• Direct contact with the plant
  • Indirect contact, such as touching tools, livestock, or clothing that have urushiol on them
  • Inhalation of particles containing urushiol from burning plants

The CDC has information on how to identify exposure to a poisonous plant and how to treat it.

Photo © 2010 by Stefan Jacobsunder Creative Commons license.

Helping Your Kid Cope

Being a parent is stressful. Increasingly, being a child is as well. One of the skills we need to teach our children is how to cope—with setbacks, with disappointment, with feeling overwhelmed, and more. Coping skills are an essential part of becoming a resilient person who can deal with life’s ups and downs.

To help you teach your child how to handle difficult times, iMomhas a list of essential coping skills for kids. Most of these are simple strategies that you can teach your child to use when things get hard. Among them are:

  • Breathe
  • Create art
  • Talk it out
  • Take a break
  • Get the negative energy OUT
  • Problem solve
  • Squeeze the lemons
  • Remember
  • Ask for a hug

Every child is different, so not every coping skill works for every child. Find the ones that work best for your child. You can get the details on the skills listed above and more in the iMom article.

Nurture a Love of Nature and Health with These Resources

Earth Day is coming up on April 22nd, and the National Institute of Environmental Health Sciences has a website to help nurture your child’s interest in the environment, science, and health. The site, Kids Environment Kids Health, provides resources for parents, teachers, and kids to explore these topics.

Among the topics covered on the site are:

  • Environment & Health
  • Healthy Living
  • Pollution
  • Reduce, Reuse, Recycle
  • Science—How It Works
  • The Natural World

The games section of the website provides brainteasers, puzzles, songs, and riddles, while the activities section includes coloring pages, stories created by kids, and science experiments to do at home. For teachers, there are lessons plans on environmental health topics from kindergarten through high school. The site also provides a section aimed just at little kids, gathering all of the age-appropriate materials in one easy-to-find location.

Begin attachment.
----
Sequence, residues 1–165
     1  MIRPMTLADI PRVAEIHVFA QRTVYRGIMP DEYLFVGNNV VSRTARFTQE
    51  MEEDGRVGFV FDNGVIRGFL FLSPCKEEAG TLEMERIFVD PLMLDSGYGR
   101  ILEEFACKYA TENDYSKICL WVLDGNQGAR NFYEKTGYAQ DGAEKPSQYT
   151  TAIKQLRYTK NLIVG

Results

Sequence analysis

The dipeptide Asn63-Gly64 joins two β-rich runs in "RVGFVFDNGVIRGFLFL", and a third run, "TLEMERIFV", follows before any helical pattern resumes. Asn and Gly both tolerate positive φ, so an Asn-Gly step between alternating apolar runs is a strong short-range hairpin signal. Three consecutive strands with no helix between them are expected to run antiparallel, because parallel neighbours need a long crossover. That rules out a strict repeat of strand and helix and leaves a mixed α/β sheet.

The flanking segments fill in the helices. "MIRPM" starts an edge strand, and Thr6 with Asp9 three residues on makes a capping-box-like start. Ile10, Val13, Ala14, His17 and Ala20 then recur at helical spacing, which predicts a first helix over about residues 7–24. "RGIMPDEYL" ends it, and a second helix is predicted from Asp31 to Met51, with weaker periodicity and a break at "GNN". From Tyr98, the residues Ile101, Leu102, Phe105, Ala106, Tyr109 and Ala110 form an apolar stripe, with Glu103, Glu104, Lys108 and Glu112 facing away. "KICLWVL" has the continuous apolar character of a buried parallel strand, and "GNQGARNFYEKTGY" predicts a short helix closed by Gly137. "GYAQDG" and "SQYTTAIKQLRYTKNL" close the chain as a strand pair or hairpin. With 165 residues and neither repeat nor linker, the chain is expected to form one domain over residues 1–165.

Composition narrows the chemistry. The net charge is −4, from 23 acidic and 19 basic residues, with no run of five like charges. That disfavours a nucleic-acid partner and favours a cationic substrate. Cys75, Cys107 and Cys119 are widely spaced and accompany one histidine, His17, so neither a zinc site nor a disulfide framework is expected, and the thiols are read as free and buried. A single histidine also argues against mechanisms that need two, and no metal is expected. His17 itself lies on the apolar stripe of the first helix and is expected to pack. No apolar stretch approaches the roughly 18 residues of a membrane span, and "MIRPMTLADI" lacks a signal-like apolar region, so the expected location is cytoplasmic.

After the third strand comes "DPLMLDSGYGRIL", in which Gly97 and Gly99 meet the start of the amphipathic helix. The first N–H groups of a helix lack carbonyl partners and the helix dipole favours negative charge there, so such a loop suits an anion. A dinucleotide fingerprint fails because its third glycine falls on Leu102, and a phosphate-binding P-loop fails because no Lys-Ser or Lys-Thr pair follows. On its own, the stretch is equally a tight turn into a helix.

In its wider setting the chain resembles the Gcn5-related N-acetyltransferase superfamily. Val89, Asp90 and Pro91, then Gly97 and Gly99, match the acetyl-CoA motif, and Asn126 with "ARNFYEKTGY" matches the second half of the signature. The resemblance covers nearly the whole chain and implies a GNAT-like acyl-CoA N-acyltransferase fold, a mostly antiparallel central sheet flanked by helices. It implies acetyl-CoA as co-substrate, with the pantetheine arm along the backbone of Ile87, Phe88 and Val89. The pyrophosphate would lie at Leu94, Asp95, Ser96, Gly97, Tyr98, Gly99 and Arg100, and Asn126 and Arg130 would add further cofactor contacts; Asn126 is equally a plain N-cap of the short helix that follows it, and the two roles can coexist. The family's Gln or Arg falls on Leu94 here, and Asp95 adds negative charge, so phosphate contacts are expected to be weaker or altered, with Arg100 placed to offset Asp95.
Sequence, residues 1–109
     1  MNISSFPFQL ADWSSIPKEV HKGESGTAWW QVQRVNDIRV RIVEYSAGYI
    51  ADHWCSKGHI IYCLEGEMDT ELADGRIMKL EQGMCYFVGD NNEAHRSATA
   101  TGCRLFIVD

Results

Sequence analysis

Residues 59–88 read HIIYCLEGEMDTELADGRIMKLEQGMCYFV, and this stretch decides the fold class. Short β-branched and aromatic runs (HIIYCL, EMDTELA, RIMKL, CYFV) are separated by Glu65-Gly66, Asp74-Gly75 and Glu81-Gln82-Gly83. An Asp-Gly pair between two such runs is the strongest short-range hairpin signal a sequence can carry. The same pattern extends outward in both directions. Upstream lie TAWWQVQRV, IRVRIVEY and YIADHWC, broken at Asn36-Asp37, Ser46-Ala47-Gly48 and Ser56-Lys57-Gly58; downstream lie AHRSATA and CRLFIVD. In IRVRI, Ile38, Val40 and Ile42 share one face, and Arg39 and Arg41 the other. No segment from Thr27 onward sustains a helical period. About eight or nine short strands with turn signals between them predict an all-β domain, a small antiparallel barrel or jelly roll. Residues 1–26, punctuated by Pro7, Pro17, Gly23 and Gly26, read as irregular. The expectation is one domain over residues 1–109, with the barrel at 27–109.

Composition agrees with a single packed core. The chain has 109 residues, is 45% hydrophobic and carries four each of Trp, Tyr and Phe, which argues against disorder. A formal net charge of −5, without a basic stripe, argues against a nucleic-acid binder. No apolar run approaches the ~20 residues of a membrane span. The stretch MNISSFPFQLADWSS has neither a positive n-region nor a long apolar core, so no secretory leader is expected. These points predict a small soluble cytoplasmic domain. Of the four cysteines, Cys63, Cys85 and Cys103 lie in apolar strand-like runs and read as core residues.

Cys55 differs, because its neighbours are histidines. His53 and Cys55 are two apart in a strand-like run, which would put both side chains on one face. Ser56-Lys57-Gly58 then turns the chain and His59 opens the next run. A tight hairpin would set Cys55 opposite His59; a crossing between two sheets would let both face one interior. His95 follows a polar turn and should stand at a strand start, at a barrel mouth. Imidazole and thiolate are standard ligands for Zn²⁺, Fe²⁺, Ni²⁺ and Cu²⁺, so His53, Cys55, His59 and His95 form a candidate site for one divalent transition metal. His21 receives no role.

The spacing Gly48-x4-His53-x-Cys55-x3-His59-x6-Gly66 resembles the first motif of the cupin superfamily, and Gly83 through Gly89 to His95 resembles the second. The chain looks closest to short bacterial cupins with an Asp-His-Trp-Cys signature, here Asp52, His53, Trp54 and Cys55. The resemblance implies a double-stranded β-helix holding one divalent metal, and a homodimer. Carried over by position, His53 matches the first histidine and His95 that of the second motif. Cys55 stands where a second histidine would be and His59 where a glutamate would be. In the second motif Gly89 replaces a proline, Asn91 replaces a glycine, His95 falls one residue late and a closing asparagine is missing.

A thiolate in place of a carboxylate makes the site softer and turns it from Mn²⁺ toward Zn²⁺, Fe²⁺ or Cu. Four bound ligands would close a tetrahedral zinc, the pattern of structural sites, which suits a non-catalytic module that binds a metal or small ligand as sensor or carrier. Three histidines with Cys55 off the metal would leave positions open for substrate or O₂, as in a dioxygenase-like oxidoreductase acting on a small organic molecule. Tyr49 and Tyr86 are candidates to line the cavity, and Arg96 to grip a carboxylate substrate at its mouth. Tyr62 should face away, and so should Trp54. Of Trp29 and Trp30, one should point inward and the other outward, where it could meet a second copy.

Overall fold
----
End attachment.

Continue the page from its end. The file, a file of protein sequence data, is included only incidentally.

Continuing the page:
What to Expect at Your Child’s Checkup

You might have obsessively read the What to Expect When You’re Expectingbook when your first child was on the way. Perhaps you’ve used PTA’s Parents’ Guides to Student Successto be informed about what your child will be learning each year and what questions you should ask your child’s teacher. As your child grows, having an idea of what’s coming up can make you a better parent.

One of the areas where parents may not be too sure what to expect is their child’s annual checkup. Kids’ Health has a series of guides in both Englishand Spanishabout what to expect at each checkup from birth to age 21. The guides provide information on:

  • What your doctor should be doing and asking about.
  • What to keep in mind until your child’s next checkup.
  • What your child should be learning to as they grow and mature.
  • What safety issues you should be aware of for that age.

Check out the guide for your child’s next checkup and bookmark the listso you have it handy next time your child is in the examining room. Share the guides for the older years with your teen or young adult to help take some of the fear out of their next visit.

Photo © 2015 by Greens MPsunder Creative Commons license.